subject property to farmer-beneficiaries. However, a writ of preliminary injunction issued by the
Court of Appeals enjoined the release of the CLOAs. Buklod, on behalf of the alleged 300 farmerbeneficiaries of the subject property, filed a Manifestation and Omnibus Motion, wherein it moved
that it be allowed to intervene as an indispensable party.
Court of Appeals ruled in favor of EMRASON because the subject property was already
converted/classified as residential by the Municipality of Dasmarias prior to the effectivity of the
CARL. The appellate court reasoned mainly that the municipality, conformably with its
statutory-conferred local autonomy, had passed a subdivision measure, I.e., Ordinance No. 1,
and had approved in line thereto, through the medium of Ordinance No. 29-A, [EMRASON's]
application for subdivision, or with like effect approved the conversion/classification of the lands in
dispute as residential. Significantly, the Municipal Mayor of Dasmarias, Cavite, in his letter of
September 23, 1988 to [EMRASON], clarified that such conversion conforms with the approved
development plan of the municipality. (If interested in the discussion at CA level, please read the

Petitioners arguments:
- DAR:
o The subject property could be compulsorily acquired by the State from EMRASON and
distributed to qualified farmer-beneficiaries under the CARP since it was still agricultural
land when the CARP became effective on June 15, 1988. Ordinance Nos. 1 and 29-A,
approved by the Municipality of Dasmarias on July 13, 1971 and July 9, 1972,
respectively, did not reclassify the subject property from agricultural to non-agricultural.
The power to reclassify lands is an inherent power of the National Legislature under
Section 9 of Commonwealth Act No. 141, otherwise known as the Public Land Act,
as amended, which, absent a specific delegation, could not be exercised by any local
government unit (LGU). The Local Autonomy Act of 1959 - in effect when the
Municipality of Dasmarias approved Ordinance Nos. 1 and 29-A - merely delegated to
cities and municipalities zoning authority, to be understood as the regulation of the uses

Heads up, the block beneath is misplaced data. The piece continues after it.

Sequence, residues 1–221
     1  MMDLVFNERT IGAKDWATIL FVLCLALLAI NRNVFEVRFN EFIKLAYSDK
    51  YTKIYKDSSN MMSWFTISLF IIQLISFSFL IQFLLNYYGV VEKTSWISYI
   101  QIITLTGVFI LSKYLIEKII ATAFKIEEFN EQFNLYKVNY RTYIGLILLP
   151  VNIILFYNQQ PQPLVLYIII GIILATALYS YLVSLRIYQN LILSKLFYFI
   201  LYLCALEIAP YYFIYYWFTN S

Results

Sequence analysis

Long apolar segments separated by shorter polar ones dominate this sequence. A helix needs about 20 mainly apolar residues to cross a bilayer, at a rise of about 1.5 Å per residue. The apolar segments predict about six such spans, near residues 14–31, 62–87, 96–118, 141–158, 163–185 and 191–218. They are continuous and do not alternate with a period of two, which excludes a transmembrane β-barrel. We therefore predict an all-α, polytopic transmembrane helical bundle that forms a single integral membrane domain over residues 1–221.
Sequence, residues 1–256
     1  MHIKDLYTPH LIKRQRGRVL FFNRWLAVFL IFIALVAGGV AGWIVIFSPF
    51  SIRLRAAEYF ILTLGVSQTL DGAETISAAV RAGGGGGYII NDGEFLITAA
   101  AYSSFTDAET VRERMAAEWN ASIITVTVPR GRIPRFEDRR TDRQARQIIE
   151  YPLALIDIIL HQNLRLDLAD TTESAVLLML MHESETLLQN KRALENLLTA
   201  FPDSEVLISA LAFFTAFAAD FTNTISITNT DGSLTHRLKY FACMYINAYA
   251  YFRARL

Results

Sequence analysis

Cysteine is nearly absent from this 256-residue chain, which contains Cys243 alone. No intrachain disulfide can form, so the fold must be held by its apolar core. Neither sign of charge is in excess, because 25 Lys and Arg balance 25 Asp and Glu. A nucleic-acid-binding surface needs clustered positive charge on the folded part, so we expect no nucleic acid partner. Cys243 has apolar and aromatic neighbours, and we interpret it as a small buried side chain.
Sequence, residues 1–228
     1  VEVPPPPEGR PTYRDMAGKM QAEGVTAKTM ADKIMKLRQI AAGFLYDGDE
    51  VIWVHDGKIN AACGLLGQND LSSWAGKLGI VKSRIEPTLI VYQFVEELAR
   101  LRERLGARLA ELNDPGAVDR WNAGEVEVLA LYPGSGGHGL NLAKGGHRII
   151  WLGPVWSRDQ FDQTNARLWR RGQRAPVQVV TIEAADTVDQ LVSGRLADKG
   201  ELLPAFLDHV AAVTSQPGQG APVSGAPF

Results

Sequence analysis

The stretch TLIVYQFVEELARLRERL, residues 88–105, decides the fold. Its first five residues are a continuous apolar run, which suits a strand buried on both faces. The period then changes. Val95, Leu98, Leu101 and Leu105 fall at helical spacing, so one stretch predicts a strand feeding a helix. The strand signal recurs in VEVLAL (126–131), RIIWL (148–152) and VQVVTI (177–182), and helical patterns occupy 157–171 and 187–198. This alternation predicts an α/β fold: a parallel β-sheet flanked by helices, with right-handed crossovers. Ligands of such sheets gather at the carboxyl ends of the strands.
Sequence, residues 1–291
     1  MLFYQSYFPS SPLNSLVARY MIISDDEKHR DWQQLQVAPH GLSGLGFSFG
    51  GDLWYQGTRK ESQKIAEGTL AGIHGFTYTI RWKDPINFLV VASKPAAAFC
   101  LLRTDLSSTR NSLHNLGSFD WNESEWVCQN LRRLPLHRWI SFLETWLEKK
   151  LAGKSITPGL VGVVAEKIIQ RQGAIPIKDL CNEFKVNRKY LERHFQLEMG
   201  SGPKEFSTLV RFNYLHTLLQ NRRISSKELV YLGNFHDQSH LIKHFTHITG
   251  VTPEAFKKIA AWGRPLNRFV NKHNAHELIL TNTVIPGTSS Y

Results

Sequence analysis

of property in accordance with the existing character of the land and structures. It was
only Section 20 of Republic Act No. 7160, otherwise known as the Local
Government Code of 1991, which extended to cities and municipalities limited authority
to reclassify agricultural lands.
o Even conceding that cities and municipalities were already authorized in 1972 to issue an
ordinance reclassifying lands from agricultural to non-agricultural, Ordinance No. 29-A of
the Municipality of Dasmarias was not valid since it failed to comply with Section 3 of
the Local Autonomy Act of 1959, Section 16(a) of Ordinance No. 1 of the
Municipality of Dasmarinas, and Administrative Order No. 152, which all required
review and approval of such an ordinance by the National Planning Commission (NPC).
Subsequent developments further necessitated review and approval of Ordinance No.
29-A by the Human Settlements Regulatory Commission (HSRC), which later became
the Housing and Land Use Regulatory Board (HLURB).
o Reliance by the Court of Appeals on Natalia Realty, Inc. v. Department of Agrarian
Reform is misplaced because the lands involved therein were converted from agricultural
to residential use by Presidential Proclamation No. 1637, issued pursuant to the authority
delegated to the President under Section 71, et seq., of the Public Land Act.
- Buklod:
o Prior to Ordinance Nos. 1 and 29-A, there were already laws implementing agrarian
reform, particularly: (1) Republic Act No. 3844, otherwise known as the Agricultural
Land Reform Code, in effect since August 8, 1963, and subsequently amended by
Republic Act No. 6389 on September 10, 1971, after which it became known as the
Code of Agrarian Reforms; and (2) Presidential Decree No. 27, otherwise known as

the Tenants Emancipation Decree, which took effect on November 19, 1972.
Agricultural land could not be converted for the purpose of evading land reform for there
were already laws granting farmer-tenants security of tenure, protection from ejectment
without just cause, and vested rights to the land they work on.
EMRASON failed to comply with Section 36 of the Code of Agrarian Reforms, which
provided that the conversion of land should be implemented within one year, otherwise,
the conversion is deemed in bad faith. Given the failure of EMRASON to comply with
many other requirements for a valid conversion, the subject property has remained